The new normal brings with it an unfamiliar set of social rules to grapple with. How do we greet our hairdressers? Are your barbecue guests allowed to use the loo? There’s much to think about, but we’ve got you covered. Here’s how to...
Back in the old normal, as it shall now be named, handshakes and hugs were customary. Now, extending a palm is near criminal.
But we’ve dearly missed our hairdressers (and our friends, of course, but our hairdressers most of all), so let’s look to UK royal protocol for inspiration. From waves to curtsies, the monarchy has a long list of socially distanced greetings that are perfect for these Covid times. If you’re feeling flamboyant, try a bow on entry to the salon; for a more cordial approach, a nod will suffice.
The “namaste” pose – involves a small head bow with the hands clasped together in a prayer-like position. Polite and fuss free, it’s a perfect way to say a warm hello while avoiding those pesky airborne droplets.
Choose the right face mask
Pre-lockdown, we made statements through our outfits. Now, everything is about the cloth over your face; with smiles off limits, your choice of PPE speaks a thousand words. Choose one that will protect you – and make you look stylish.
Attend a Zoom wedding
Webcams lack the social safety provided by a church pew and eight rows of rented hats; if it’s switched on, there will be no way of hiding any signs of your... envy. Nor is a digital do an excuse to turn up in your pyjamas. Grant Harrold, an etiquette expert, says the key to a successful online ceremony is enforcing traditional dress codes. “Dress up in a hat and tails and keep very quiet,” he says. “At the end of the wedding, the bride and groom may want to interact with people on Zoom, so be ready for that too.”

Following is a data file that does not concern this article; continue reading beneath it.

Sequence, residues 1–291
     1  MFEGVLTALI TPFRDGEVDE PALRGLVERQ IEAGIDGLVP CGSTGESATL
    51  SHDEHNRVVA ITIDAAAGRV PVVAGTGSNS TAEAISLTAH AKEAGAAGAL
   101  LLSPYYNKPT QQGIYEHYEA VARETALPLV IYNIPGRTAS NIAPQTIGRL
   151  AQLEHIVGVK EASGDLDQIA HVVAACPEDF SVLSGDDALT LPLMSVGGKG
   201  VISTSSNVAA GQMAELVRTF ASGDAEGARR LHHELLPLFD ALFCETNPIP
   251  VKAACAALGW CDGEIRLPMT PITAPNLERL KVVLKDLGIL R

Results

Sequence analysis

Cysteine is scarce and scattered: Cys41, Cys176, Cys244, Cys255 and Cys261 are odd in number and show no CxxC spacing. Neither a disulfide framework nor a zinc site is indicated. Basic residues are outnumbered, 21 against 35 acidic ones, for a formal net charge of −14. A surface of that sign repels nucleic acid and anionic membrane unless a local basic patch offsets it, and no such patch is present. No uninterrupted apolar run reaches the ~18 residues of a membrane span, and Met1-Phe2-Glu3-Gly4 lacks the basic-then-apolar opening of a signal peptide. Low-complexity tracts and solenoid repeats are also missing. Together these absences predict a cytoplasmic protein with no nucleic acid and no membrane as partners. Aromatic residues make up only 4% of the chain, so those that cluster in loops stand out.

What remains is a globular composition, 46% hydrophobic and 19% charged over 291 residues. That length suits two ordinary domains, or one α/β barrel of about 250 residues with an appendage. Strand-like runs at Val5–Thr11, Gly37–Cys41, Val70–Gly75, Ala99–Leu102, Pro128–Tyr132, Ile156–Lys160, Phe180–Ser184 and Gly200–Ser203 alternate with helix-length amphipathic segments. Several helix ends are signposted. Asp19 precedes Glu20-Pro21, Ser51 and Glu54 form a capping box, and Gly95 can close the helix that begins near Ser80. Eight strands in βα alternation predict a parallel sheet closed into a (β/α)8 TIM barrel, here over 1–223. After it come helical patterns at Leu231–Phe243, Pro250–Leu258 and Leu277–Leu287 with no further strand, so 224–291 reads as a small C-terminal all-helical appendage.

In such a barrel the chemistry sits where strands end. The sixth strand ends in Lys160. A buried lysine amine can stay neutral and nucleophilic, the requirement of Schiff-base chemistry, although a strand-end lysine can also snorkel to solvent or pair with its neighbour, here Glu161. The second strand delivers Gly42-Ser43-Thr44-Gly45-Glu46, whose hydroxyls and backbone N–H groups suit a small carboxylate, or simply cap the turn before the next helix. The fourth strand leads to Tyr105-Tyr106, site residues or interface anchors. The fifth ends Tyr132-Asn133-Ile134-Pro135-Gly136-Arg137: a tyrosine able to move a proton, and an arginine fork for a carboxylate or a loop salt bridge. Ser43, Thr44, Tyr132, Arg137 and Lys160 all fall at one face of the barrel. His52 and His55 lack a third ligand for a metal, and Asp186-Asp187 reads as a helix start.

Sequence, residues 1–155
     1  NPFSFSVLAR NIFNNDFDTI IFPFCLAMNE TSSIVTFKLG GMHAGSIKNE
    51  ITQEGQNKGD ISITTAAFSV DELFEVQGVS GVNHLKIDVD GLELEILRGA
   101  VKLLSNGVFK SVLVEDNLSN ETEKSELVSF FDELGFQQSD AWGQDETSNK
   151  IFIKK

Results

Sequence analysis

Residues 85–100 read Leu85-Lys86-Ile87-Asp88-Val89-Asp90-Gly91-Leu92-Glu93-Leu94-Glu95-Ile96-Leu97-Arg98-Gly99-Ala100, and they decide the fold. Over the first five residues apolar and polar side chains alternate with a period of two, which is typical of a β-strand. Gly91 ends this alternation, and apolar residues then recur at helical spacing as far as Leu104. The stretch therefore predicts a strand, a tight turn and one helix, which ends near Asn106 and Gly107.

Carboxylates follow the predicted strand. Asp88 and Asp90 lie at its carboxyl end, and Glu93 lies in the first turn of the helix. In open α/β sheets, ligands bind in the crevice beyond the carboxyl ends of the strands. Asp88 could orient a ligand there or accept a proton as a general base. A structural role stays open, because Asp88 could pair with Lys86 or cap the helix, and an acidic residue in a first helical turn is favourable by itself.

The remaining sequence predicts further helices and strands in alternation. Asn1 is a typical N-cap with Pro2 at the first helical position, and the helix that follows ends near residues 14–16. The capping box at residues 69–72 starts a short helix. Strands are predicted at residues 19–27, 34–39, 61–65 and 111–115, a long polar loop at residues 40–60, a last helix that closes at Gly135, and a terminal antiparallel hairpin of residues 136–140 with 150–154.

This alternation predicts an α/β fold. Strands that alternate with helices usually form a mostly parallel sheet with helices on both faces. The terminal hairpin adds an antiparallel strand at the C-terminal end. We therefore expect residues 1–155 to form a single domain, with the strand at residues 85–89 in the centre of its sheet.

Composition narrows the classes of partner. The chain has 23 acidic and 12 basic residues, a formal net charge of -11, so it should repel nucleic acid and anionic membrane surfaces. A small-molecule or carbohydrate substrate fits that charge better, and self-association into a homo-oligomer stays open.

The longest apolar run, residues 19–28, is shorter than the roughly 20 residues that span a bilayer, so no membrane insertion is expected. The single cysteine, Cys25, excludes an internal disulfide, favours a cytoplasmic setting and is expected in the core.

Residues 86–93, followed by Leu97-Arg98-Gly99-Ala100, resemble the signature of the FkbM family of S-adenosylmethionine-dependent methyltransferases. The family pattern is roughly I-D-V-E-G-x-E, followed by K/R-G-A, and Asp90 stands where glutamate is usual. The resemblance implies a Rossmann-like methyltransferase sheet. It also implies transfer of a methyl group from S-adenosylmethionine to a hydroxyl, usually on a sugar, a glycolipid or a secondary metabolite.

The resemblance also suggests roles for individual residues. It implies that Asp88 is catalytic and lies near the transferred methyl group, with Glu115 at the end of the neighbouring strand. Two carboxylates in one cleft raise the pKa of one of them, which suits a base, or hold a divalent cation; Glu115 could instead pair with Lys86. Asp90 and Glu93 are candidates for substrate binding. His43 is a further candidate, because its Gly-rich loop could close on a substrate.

Pass the time in a queue
A study by researchers at University College London in 2017 found that people will wait for an average of six minutes in a queue before giving up in frustration.
It goes without saying that in-store socialising is now taboo and congestion-causing; opt for a smile instead, and keep any complaints – or judgments on the contents of fellow shoppers’ baskets – in your head.
Ask someone entering your house to cover up
The key here is to treat face coverings in the same way you would requests for shoe removal. Perhaps it will take the form of a snazzy slogan doormat – even if it means becoming that person who has a “keep calm and put your mask on” print in your home. If you’re the labrador-on-the-bed and wellies in the kitchen type – those who wouldn’t dream of requiring shoe removal on entry – try hanging them on the dog lead rack by the door as a gentle means of encouragement. Sort of like hotel slippers, but for the pandemic age.
The Daily Telegraph